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Friedrich Froebel – The man behind the Kindergarten system


Friedrich Froebel, a German educationalist, developed the ‘kindergarten system’. Froebel believed in play to be the highest form of expression and believed it to reflect a child’s soul.
According to Froebel, the concept of play helps children understand the world by gaining a direct experience from it. The emphasis on nature and play, and the experience from it has shaped the kindergarten system all over the world.
Froebel took into consideration the complete development of the child while designing the kindergarten system and focused on aspects like health, physical development, emotional well-being, mental ability, and social relationships.
Gifts developed by Froebel:
Froebel developed certain gifts, aimed at developing skills, based on his experience and observation. These toys can be considered as the ‘first educational toys’ for children. These are called ‘gifts’, as they function as tools that can be used by the adults to observe the distinctive human ‘gifts’ each child has, from birth.
The gifts developed by him are as follows –
  • Gift 1 – A set of multi-coloured yarn balls
Froebel introduced colourful yarn balls for infants, after having recognised that play for them begins when they are introduced to yarn balls. According to Froebel, a child begins to form impressions of the world by holding, rolling and playing with the ball. The balls help the child to understand movement and form, and basic colours. This is an early physical activity which enhances hand-eye coordination and motor skills.
 
  • Gift 2 – A wooden ball, cylinder, and cube
Froebel termed this as ‘children’s delight’ and this was developed for the age group 1 to 2. The object in this gift helps a child to understand the forms of basic objects around him/her. This not only teaches children about the basic shapes, but also introduces them to prepositions like on, under, inside, outside, etc. This gift encourages children to be curious and creates a foundation for basic science.
 
  • Gift 3 – A set of 8 small wooden cubes
This was developed for the age group 2 to 3 and, helps to demonstrate relation between whole and parts, the process of transformation, and the properties of shapes. This gift is to enable children to create simple designs of objects in the environment. They will also acquire knowledge on sorting, counting and vocabulary.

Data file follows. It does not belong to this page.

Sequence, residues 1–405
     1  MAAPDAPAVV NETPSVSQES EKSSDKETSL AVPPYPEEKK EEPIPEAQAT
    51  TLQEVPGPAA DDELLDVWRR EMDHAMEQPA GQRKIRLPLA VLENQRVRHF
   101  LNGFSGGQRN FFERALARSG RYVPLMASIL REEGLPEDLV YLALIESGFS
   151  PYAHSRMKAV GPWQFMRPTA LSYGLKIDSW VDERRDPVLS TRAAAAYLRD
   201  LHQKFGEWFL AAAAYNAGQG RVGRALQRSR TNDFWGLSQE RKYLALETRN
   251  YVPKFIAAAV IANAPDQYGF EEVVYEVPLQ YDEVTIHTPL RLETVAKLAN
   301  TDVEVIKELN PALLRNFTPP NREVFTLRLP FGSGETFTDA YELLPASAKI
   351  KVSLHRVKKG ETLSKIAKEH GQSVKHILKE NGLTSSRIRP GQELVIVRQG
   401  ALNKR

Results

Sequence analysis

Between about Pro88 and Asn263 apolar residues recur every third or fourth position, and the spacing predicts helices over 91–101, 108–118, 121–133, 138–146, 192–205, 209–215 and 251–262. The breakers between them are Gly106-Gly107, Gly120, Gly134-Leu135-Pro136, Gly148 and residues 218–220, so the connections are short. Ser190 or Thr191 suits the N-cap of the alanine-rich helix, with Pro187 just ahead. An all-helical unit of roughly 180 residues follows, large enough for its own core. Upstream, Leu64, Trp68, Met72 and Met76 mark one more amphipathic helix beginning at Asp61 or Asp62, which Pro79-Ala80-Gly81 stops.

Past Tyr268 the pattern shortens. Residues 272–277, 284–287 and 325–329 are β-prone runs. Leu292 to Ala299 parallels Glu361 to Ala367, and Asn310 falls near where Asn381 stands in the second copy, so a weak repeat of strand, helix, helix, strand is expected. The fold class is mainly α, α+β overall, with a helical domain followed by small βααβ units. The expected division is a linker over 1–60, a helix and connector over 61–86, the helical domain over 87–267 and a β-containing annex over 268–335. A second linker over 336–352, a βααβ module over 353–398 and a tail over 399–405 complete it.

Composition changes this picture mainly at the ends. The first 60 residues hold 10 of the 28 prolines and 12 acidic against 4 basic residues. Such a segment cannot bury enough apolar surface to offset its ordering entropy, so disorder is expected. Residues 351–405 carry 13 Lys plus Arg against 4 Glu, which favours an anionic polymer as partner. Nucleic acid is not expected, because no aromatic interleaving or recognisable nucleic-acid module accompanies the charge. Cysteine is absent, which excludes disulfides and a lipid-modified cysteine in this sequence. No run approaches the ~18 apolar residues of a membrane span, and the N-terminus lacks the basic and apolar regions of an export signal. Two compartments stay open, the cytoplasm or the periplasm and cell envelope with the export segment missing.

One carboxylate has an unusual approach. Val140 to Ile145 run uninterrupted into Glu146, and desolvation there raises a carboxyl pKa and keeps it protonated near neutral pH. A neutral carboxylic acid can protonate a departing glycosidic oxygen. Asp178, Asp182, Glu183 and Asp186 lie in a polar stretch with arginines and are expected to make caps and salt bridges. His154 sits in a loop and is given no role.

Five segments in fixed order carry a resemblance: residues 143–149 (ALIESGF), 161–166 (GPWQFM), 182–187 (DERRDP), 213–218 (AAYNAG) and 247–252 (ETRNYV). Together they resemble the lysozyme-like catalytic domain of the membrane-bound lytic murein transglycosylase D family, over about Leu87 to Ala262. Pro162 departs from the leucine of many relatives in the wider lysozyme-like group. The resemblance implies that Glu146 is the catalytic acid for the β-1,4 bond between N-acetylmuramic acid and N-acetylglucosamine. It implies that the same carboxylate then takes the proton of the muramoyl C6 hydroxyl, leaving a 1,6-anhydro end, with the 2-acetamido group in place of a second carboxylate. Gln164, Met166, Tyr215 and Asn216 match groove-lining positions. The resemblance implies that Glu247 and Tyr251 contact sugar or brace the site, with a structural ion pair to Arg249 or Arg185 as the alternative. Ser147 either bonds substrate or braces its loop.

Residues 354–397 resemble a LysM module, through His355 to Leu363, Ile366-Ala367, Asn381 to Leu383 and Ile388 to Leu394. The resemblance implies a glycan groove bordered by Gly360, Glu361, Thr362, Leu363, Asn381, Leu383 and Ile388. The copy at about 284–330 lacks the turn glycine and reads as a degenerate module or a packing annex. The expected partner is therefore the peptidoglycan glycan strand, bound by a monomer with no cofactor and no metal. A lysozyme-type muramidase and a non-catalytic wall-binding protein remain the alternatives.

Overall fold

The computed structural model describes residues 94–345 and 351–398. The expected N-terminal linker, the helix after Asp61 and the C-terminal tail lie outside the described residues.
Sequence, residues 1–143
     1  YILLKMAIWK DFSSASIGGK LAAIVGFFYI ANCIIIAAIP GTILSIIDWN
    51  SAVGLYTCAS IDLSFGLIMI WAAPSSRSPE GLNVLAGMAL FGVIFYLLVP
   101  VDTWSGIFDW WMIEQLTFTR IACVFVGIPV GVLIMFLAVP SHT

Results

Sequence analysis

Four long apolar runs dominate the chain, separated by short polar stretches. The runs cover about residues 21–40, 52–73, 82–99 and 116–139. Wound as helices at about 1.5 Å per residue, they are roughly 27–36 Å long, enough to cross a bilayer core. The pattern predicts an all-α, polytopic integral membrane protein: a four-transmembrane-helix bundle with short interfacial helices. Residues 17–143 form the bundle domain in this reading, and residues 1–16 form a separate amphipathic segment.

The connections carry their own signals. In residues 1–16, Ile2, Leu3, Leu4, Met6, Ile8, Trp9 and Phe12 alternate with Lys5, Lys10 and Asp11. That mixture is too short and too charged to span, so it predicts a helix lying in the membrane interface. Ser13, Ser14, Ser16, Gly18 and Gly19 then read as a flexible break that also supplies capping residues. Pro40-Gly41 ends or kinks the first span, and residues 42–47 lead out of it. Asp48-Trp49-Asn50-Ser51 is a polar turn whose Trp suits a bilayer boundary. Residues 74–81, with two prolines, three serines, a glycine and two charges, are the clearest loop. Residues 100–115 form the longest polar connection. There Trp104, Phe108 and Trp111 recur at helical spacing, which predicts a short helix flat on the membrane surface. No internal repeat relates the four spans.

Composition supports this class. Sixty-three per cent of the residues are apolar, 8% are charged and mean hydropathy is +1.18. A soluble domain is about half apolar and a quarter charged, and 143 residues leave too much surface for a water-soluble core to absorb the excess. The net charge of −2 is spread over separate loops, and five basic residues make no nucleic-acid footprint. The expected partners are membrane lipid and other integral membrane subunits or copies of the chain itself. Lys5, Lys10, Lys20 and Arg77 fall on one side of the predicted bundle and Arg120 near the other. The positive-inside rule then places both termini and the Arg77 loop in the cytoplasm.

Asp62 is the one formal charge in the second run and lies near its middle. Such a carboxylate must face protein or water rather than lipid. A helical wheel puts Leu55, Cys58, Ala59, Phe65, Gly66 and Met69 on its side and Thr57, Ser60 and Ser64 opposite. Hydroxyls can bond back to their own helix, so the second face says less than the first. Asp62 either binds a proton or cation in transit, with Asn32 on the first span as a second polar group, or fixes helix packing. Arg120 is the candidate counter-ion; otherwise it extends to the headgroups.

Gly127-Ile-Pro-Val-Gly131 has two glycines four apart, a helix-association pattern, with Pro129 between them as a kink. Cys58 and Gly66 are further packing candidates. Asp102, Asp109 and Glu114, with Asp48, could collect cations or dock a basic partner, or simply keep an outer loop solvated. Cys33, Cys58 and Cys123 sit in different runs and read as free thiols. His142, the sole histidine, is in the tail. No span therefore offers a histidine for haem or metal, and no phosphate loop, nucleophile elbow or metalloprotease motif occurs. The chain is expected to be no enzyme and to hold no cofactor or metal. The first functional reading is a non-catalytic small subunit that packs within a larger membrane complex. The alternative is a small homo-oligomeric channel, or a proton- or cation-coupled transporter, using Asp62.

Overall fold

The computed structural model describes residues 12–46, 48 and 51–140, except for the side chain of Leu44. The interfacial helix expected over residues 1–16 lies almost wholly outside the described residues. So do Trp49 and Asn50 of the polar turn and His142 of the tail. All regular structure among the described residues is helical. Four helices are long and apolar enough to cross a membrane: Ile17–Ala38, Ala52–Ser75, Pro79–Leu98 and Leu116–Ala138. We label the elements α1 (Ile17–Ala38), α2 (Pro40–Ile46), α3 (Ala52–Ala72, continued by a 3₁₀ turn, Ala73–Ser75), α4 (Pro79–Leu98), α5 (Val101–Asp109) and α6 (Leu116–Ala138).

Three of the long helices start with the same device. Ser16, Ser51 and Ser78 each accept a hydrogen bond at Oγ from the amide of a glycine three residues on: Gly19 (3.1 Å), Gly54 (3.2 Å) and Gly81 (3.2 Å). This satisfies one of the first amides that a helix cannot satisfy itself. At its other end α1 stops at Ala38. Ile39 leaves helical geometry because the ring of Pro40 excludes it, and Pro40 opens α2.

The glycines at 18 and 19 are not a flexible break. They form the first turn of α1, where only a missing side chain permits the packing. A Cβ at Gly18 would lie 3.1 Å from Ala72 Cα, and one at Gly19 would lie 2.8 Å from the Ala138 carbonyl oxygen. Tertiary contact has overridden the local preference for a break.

• Gift 4 – A set of 8 small rectangles or planks
This is a slight variation of Gift 3 and has been developed for age 3 to 4. This activity will help children create simple structures and will introduce them to new words like rectangle, width, length, etc.
 
  • Gift 5 – A set of wooden blocks that includes cubes, rectangles, and triangles
This gift has been developed for the age group 4 to 5. The blocks will help children to create realistic objects like building and will introduce them to new terms like triangle, angle, etc.
 
  • Gift 6 – A set of wooden blocks of different shapes and sizes
This is used to develop skills like creating objects, learning new words and understanding proportion, and is for children above 5 years.
 
  • Gift 7 – A set of different shapes
This gift consists of shapes of different colours and helps children understand the transition from solid to flat structures. This helps children to represent objects in 2-dimensional form while creating newer shapes like rhombus, trapezium, etc. Children will also learn to create objects from their daily life and understand symmetry.
 
  • Gift 8 – A set of curved and straight lines
This consists of edges/outlines of shapes that have been used by the children. This gift encourages the child to come up with symmetrical shapes, create objects from daily life based on his/her observation and learn new words based on the object created. The activity is ideal for kids above 5 years.
 
  • Gift 9 – A set of points
Under this gift, children are given small circles/points of different colours and are encouraged to create various objects. Children are introduced to the concept of sorting and ordering, based on the colours and is applicable for children above 6 years.
 
  • Gift 10 – A set of points and lines
This gift encourages the creation of solid forms using the points and lines. This develops an understanding of shapes and forms and is for children above 6 years.
 
While many other methods like Montessori, Reggio Emilia, etc. have been developed over the years, the Kindergarten system has had a global approach and has shaped the early-years education in many countries.

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